Mary's Veggie Garden

December 2, 2013

Varieties of Carrot Damage

Filed under: Carrots,Vegetables — marysveggiegarden @ 8:37 pm
Tags: ,

What happens to carrots when they are not harvested ‘on time’? Some of my crop was in the ground more than five months so I had lots of opportunity to meditate on that question as I harvested and cleaned carrots.

Last spring I planted carrots on May 20 and again June 25. These carrots, a variety called Yaya, are ready in about 60 days and  I harvested from both plantings summer into fall. In mid November I pulled all the carrots remaining in the garden. The carrots planted earlier grew about 5 1/2 months and the later planting 4 1/2 months. Both were in the ground considerably longer than their two months to maturity.

What happened?  Rainfall was excellent in July and August and I harvest every second carrot so the remaining carrots had plenty of water and space to grow. They grew to fill all the space available and some got huge. They probably grew very little in the last six weeks, after the weather cooled, the days got short and drought arrived.

Eventually carrots split and forked. The June planting had some split carrots but very little forking. About 20% of the May planting was split or forked. There were also some carrots with insect damage in the early planting, but I was surprised how little insect damage I found. Other years, with different varieties, there’s been a lot more insect damage.

Here is a photo gallery of damage:

A simple split with only a bit of nibbling.

A simple split with only a bit of nibbling.

The split is caused by internal water & growth pressure. When the pressure inside is greater than pressure outside from the soil and surrounding carrots, then the carrot splits. One carrot split as I pulled it from the ground, another split when I peeled it.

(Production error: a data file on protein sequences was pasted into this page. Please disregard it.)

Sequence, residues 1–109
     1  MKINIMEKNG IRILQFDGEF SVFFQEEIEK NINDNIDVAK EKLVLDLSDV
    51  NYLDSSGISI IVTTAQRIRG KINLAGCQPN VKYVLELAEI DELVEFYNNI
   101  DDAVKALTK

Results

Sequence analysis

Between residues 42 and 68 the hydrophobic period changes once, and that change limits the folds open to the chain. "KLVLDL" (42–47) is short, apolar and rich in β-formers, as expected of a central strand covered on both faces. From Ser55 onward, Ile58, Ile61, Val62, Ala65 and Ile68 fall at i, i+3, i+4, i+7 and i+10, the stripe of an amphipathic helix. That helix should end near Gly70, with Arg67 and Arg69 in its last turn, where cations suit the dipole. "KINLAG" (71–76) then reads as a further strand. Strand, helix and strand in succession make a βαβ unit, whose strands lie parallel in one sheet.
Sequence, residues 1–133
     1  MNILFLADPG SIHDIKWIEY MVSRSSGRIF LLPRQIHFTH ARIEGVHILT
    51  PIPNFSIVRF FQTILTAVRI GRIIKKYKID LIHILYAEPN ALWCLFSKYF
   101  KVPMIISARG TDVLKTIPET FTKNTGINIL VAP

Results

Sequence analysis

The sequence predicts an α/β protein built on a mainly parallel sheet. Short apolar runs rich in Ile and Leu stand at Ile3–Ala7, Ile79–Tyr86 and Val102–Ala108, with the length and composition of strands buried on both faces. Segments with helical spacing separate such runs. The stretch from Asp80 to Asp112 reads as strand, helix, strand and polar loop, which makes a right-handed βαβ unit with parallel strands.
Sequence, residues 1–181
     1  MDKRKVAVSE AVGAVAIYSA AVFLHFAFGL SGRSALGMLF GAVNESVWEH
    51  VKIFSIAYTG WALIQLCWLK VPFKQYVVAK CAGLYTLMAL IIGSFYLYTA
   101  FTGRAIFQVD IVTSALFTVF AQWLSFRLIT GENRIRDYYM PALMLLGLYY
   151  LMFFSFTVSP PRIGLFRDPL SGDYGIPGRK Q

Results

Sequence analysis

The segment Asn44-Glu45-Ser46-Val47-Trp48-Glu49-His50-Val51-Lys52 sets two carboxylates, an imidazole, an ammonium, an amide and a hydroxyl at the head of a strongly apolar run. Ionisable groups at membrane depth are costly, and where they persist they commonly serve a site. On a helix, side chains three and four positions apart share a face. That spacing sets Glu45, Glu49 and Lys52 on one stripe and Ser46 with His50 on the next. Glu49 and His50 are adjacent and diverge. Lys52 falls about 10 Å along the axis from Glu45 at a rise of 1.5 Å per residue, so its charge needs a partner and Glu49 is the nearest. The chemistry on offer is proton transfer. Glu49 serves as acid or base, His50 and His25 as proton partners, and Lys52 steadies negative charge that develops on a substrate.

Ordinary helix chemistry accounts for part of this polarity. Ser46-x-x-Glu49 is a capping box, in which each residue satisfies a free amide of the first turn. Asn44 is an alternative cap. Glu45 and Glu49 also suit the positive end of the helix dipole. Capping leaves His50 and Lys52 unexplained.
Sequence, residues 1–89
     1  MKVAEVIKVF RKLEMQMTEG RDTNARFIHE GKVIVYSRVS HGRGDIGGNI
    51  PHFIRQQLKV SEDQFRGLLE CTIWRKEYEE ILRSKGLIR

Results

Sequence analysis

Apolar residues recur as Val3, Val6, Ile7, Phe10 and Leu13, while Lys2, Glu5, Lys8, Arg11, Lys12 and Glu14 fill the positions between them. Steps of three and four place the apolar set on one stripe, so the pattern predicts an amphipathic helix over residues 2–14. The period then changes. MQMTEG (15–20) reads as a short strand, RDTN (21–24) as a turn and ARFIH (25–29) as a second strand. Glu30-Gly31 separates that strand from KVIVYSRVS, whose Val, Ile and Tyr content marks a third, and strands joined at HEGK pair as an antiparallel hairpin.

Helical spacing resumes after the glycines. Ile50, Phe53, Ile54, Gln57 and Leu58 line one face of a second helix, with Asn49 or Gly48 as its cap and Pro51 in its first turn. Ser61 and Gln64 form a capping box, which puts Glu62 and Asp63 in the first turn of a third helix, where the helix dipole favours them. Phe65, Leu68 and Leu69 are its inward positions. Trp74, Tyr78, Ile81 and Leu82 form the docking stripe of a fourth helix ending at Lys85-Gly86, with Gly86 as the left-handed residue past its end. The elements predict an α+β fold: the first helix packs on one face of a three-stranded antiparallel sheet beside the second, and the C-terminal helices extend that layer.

The core continued to grow after the split, expanding the split.

The core of this carrot continued to grow after the split, pushing the sides of the split wide open.

Forked, split & nibbled, plus some insect damage which was sliced off the top.

Forked, split & nibbled, plus some insect damage which was sliced off the top.

As I harvested I noticed a pattern: many of the split carrots had additional damage that looked like nibbling by a small rodent, probably a mouse or vole. I didn’t find any nibbling on carrots without splits. I figure the scent of a freshly split carrot was attracting rodents to a feast.

Forked, split, and nibbled but still Juicy, crisp,  and sweet.

Forked, split, and nibbled but still juicy, crisp, and sweet.

The damaged carrots are edible – simply slice away the damaged portion. We enjoyed this 15 ounce monstrosity one leg at a time for several lunches. Not only was it forked, split, and nibbled, it was also crisp, juicy, tender, and sweet.

Your results may vary: with some varieties damage will make the carrot bitter or tough. Insect damage, in particular, turns a carrot woody.


Leave a Comment »

No comments yet.

RSS feed for comments on this post.

Leave a Reply

Fill in your details below or click an icon to log in: Logo

You are commenting using your account. Log Out / Change )

Twitter picture

You are commenting using your Twitter account. Log Out / Change )

Facebook photo

You are commenting using your Facebook account. Log Out / Change )

Google+ photo

You are commenting using your Google+ account. Log Out / Change )

Connecting to %s

Create a free website or blog at

%d bloggers like this: